The melancholy emptiness of Yom Kippur


Yom Kippur is the highest holy day in the Jewish calender. It is the most solemn day of affliction, the Sabbath of Sabbaths, and the kernel of the Levitical covenant. In Israel the day is marked with almost universal quiet and reflection - a deeply impressive and powerful display of piety.

However it is also the emptiest of the great Jewish feasts. How could it be otherwise? For on the Day of Atonement, now that the Temple it was designed to serve has been removed, there can be and is no further Atonement.

For as Leviticus itself makes plain, 'for it is the blood that maketh an atonement for the soul.' כִּי-הַדָּם הוּא, בַּנֶּפֶשׁ יְכַפֵּר Lev. 17.11.

        This fine picture taken from here.

Why should the LORD so design Israel's affairs to leave it bereft of the very crown and centre of her religion? The answer is given so plainly and clearly by Daniel, who in mournfully praying for the Temple's restoration, was foretold its future second destruction, near the end of seventy sevens. The LORD hasn't taken away without Himself providing something far better.

Seventy weeks are determined upon thy people and upon thy holy city, to finish the transgression, and to make an end of sins, and to make reconciliation for iniquity, and to bring in everlasting righteousness, and to seal up the vision and prophecy, and to anoint the most Holy. (Dan. 9 v.24)    6 glorious fruits of the Messiah's work.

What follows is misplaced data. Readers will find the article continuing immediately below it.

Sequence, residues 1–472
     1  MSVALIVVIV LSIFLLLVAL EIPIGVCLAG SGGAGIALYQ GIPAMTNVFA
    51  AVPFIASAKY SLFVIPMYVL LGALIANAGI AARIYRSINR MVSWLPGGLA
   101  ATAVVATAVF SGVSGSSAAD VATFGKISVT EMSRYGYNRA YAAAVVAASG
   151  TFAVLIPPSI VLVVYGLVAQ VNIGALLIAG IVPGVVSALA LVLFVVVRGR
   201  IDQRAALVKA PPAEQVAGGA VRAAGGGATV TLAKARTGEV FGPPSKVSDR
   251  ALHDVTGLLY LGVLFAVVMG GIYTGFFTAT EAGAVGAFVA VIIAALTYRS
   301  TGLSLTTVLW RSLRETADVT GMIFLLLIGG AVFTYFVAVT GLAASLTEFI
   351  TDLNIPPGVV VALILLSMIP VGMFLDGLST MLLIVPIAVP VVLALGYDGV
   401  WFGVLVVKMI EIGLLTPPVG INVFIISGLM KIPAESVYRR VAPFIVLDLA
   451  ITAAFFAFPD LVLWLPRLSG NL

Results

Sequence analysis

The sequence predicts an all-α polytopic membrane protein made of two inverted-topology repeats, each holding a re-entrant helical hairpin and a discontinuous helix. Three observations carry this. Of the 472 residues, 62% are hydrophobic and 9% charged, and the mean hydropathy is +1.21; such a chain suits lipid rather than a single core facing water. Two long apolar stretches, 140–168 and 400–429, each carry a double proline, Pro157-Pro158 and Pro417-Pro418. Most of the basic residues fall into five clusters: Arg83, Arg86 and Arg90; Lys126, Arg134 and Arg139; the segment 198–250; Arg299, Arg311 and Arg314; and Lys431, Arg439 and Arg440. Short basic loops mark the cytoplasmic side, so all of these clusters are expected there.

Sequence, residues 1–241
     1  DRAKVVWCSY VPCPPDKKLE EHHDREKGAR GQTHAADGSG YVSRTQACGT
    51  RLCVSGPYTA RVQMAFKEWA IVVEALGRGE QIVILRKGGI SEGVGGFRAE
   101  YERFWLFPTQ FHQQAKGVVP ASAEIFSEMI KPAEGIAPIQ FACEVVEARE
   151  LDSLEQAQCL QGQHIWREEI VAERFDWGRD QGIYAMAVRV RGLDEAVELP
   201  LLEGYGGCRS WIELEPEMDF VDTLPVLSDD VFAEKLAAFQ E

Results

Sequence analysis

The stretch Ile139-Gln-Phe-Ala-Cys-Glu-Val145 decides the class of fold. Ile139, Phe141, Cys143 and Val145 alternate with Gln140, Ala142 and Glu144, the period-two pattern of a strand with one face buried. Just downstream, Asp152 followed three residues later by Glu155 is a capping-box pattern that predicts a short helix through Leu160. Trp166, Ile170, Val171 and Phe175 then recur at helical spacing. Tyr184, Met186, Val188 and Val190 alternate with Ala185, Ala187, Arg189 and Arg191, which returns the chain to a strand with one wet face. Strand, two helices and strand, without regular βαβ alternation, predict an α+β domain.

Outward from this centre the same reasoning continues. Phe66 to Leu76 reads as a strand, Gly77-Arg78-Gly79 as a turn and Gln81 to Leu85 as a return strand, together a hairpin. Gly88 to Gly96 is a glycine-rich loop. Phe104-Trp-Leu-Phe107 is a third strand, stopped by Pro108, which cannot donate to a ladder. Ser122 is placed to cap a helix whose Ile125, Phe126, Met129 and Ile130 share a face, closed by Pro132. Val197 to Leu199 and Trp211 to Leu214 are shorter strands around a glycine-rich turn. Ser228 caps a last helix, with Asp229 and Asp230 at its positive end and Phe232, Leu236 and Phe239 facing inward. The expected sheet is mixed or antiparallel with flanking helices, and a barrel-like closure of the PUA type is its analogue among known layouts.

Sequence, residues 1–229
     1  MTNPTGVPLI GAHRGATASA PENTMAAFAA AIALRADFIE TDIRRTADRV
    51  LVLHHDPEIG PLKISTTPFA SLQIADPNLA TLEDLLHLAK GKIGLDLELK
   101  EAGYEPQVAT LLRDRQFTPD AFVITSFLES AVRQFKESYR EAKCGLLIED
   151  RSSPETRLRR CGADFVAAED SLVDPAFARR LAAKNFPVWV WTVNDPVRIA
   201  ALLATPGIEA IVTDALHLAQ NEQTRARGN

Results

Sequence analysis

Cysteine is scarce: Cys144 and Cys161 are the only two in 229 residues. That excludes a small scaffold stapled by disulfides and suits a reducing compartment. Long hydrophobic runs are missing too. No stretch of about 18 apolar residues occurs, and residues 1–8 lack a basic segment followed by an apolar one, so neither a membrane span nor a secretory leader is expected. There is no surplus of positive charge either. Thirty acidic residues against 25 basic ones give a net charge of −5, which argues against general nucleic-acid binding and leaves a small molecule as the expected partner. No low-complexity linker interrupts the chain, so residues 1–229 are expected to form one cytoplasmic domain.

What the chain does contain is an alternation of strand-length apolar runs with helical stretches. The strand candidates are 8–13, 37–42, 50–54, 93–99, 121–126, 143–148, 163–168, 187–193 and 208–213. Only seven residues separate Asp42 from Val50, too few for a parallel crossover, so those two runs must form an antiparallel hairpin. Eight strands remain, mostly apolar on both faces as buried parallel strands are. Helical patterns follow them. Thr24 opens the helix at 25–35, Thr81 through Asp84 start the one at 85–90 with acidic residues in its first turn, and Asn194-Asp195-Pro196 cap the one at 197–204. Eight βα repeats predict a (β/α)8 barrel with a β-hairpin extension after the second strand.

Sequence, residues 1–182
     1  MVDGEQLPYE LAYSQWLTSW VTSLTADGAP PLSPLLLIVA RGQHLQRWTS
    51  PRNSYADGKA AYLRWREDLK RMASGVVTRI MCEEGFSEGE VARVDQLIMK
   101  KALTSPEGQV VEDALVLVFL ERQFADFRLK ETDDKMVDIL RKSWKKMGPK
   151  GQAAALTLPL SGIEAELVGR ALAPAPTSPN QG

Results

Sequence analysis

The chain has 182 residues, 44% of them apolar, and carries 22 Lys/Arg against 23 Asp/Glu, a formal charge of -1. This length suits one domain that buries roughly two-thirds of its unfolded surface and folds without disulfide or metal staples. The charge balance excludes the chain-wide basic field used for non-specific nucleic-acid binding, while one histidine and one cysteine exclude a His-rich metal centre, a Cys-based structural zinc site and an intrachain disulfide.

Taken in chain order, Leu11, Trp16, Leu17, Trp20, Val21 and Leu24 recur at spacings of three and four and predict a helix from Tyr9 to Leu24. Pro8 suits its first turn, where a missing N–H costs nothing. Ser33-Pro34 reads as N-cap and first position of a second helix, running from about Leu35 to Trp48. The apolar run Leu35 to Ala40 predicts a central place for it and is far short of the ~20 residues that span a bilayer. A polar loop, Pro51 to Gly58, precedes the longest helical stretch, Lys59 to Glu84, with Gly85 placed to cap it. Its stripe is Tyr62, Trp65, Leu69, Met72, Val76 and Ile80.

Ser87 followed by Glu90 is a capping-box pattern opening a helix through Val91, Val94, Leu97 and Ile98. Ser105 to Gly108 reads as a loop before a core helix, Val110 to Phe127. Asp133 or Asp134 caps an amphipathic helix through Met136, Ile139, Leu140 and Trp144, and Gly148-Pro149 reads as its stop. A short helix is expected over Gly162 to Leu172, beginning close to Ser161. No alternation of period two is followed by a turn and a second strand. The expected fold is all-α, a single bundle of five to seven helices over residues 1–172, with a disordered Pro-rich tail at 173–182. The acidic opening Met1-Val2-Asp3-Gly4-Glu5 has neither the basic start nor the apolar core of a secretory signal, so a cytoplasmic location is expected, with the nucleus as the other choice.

And after threescore and two weeks shall Messiah be cut off, but not for himself (or 'to Him there is nothing'): (v.26a)    The Hebrew word is the same used in Torah for a judicial punishment:      יִכָּרֵת  ֹ

And he shall confirm the covenant with many for one week... (v.27a)

The Messenger of the Covenant has come and confirmed the Holy Covenant with His own blood and His own body.

What need now of mere symbols and shadows? It would be a supreme folly to reestablish an old ruptured wineskin out of disdain for the new and better wine.

Come, Behold the Lamb!

A wretched foundation, which made me feel physically sick with fear for its author - repentance alone can never justify.

'Much more then, being now justified by his blood, we shall be saved from wrath through him.'
(Romans 5.9)